After a strong 18 months of recovery, the Canadian economy is gravitating to a slower growth trend, according to Scotia Economics' latest Provincial Trends report.
The western provinces, along with Newfoundland and Labrador, are expected to outperform the rest of Canada, building on a broad trend that has developed over the past decade. Alberta is expected to lead the country in job creation.
Central Canada has shown significant progress, with a restructured manufacturing sector displaying solid performance and an increased range of services providing potential for stronger future gains.
The performance in Atlantic Canada is expected to be mixed. Increased investment in the resource sector will support strong growth in Newfoundland and Labrador, while the Maritime provinces will be challenged by sluggish employment performance and fiscal restraint.
British Columbia will outperform the national trend, but lag behind Alberta and Saskatchewan, with output growth expected to average roughly three per cent in 2011-12. Expansion in the commodity sector is being paired with burgeoning high-tech industries and diversification efforts by several established industries, most notably forestry. Development of the province's mining industries will be a key source of growth.
Once again, Alberta will lead Western Canada's outperformance, with growth averaging 3.7 per cent in 2011-12. The oil sector will be the engine behind Alberta's growth, with significant investment and output gains contributing to the increasing momentum. Alberta is also expected to lead the country in job creation during 2011-2012.
Saskatchewan will once again find itself at the top-end of regional economic growth, with output advancing at an average rate of 3.5 per cent throughout 2011-12. Further expansion and development of the potash and crude oil industries have fostered job growth and an influx of residents. Agriculture, though suffering through another difficult start to the growing season, will likely contribute positively given high export prices.
Manitoba is expected to experience GDP growth averaging 2.5 per cent in 2011-12. A diversified economy will ensure healthy contributions from a number of sectors including food packaging, machinery manufacturing, utilities and continued outperformance from its finance, real estate and insurance industries. Extensive flooding will severely dampen agricultural output this year, but re-development efforts related to infrastructure and property will provide some offset.
After outperforming in 2010, Ontario's growth is expected to average 2.3 per cent over the 2011-12 period, trailing Western Canada and falling roughly in line with Quebec. A number of factors will restrain growth, including a high Canadian dollar and a subdued economic recovery in the United States. Ontario's service sector has grown from a 68 per cent share of the province's economy in 2000 to over 75 per cent in 2010, highlighting the added importance the segment has for the province's overall performance.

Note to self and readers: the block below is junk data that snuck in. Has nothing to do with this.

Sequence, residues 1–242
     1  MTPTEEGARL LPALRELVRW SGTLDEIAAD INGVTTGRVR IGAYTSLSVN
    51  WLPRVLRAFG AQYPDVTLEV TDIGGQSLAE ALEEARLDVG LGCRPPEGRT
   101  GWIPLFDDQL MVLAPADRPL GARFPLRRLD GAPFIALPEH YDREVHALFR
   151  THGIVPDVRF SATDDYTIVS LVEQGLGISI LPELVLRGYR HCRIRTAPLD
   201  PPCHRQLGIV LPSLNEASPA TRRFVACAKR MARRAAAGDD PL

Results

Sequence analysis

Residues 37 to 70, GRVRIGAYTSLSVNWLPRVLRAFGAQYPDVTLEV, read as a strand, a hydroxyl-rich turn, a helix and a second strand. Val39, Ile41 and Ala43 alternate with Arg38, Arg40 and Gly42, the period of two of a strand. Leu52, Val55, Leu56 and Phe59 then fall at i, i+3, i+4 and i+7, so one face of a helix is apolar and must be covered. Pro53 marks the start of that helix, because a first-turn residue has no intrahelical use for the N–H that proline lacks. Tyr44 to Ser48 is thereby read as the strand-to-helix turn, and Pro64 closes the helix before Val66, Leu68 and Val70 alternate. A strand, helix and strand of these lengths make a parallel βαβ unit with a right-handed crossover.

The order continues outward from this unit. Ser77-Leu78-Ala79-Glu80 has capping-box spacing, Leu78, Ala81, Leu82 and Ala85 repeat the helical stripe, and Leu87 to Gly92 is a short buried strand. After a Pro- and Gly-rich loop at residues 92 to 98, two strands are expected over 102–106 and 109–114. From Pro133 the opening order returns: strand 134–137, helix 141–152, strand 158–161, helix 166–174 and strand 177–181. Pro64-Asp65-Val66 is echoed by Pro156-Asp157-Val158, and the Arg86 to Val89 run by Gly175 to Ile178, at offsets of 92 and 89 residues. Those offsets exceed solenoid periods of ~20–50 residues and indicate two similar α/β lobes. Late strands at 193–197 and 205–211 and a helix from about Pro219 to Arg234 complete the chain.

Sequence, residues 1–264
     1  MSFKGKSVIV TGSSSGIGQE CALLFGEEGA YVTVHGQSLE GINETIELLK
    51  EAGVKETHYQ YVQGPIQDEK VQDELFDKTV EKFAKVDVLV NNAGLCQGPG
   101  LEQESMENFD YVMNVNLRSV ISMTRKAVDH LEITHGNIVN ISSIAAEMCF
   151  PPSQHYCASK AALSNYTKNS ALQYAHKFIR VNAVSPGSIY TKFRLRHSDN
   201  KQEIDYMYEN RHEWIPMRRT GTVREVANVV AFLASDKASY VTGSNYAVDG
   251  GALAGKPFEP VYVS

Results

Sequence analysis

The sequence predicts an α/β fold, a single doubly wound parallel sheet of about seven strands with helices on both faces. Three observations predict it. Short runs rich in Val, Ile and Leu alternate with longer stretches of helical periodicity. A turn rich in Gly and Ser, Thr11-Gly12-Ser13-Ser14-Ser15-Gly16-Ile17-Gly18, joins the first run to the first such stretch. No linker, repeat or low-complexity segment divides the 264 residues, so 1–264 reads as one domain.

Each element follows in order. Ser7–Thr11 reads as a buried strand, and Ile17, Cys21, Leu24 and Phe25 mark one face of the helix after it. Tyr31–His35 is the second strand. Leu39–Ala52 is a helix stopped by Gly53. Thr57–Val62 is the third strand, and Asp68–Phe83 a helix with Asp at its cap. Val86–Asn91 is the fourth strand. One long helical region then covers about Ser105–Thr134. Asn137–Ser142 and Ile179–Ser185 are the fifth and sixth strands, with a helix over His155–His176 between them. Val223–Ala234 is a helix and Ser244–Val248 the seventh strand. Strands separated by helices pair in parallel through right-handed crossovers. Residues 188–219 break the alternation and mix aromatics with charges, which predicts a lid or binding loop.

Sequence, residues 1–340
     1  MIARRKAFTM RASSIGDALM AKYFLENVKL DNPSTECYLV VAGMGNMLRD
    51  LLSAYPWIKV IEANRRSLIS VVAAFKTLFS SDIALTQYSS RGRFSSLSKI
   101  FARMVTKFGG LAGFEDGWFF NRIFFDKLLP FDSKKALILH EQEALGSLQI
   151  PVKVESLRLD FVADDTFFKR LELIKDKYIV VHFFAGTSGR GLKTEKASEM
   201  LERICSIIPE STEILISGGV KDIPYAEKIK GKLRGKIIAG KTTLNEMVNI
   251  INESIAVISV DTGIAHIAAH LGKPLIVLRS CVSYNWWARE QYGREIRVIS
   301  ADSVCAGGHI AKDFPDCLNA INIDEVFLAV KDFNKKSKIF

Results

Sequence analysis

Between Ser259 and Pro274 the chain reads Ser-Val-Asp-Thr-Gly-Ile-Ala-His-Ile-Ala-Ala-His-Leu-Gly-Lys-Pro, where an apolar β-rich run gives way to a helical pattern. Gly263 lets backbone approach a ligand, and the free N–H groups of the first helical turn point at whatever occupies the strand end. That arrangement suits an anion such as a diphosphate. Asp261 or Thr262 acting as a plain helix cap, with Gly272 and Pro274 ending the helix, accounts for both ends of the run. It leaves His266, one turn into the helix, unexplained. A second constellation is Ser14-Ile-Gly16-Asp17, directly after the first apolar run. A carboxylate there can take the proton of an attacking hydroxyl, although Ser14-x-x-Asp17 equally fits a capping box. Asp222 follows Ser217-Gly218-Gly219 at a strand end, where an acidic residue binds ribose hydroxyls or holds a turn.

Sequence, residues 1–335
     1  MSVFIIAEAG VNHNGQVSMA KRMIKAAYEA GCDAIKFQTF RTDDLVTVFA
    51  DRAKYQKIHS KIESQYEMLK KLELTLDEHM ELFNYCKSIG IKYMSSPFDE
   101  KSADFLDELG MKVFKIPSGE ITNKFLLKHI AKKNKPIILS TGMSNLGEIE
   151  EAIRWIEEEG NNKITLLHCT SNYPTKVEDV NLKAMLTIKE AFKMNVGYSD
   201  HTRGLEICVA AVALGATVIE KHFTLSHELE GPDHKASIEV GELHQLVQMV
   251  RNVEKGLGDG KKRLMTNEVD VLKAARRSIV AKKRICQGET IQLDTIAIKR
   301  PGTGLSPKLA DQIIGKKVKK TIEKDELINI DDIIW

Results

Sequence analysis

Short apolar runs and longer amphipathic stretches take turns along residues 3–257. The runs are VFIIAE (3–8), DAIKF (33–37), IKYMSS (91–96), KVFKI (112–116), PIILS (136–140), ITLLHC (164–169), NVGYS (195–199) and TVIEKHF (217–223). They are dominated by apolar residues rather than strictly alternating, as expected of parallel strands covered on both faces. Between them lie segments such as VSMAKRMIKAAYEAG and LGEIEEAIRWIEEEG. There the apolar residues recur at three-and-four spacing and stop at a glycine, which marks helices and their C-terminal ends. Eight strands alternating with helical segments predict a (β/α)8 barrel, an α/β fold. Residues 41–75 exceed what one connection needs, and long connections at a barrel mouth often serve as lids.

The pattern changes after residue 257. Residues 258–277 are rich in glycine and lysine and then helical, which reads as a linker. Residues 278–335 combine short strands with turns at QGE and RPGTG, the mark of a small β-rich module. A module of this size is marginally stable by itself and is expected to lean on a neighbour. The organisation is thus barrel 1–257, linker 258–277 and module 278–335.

Quebec withstood the recession better than most provinces, and will see growth advance at a rate of 2.4 per cent over the 2011-12 period. The private sector has shown strength, with a diverse manufacturing base, a dynamic service sector and a burgeoning resource sector. The provincial government has been proactive in addressing the province's debt burden but Quebec will experience some drag on economic growth with higher taxes being implemented and cuts in the province's relatively large public sector taking place over the next two years.
New Brunswick is expected to see annual GDP growth average 1.9 per cent in 2011-12, trailing the national average after a strong year in 2010. Employment has been sluggish, with losses stemming from service sector segments shaken by the strong dollar, namely contact centres. Forestry, fishing, manufacturing and mining have displayed some momentum heading into 2011, but will be counterbalanced by declining capital investment and significant fiscal restraint.
Nova Scotia is expected to experience GDP growth averaging 1.9 per cent over the 2011-12 forecast period. The province has cleared some major hurdles, including stabilizing its manufacturing sector. Nonetheless, sluggish employment and wage growth will weigh on the consumer sector, while fiscal restraint also dampens growth.
Prince Edward Island
Prince Edward Island will grow in line with the other Maritime provinces, with output growth averaging 2.1 per cent in 2011-12. This represents a relatively solid period of expansion for the province historically. Output growth will be led by positive contributions from tourism and agriculture, as well as from food and pharmaceutical manufacturing.
Newfoundland and Labrador
Newfoundland and Labrador will set the pace in the Atlantic region, with GDP growth expected to average 3.3 per cent over the 2011-12 forecast period. Increased commodity production and major investments in utilities, oil and mining, as well as increased consumer spending will help offset a slowdown in offshore oil production.
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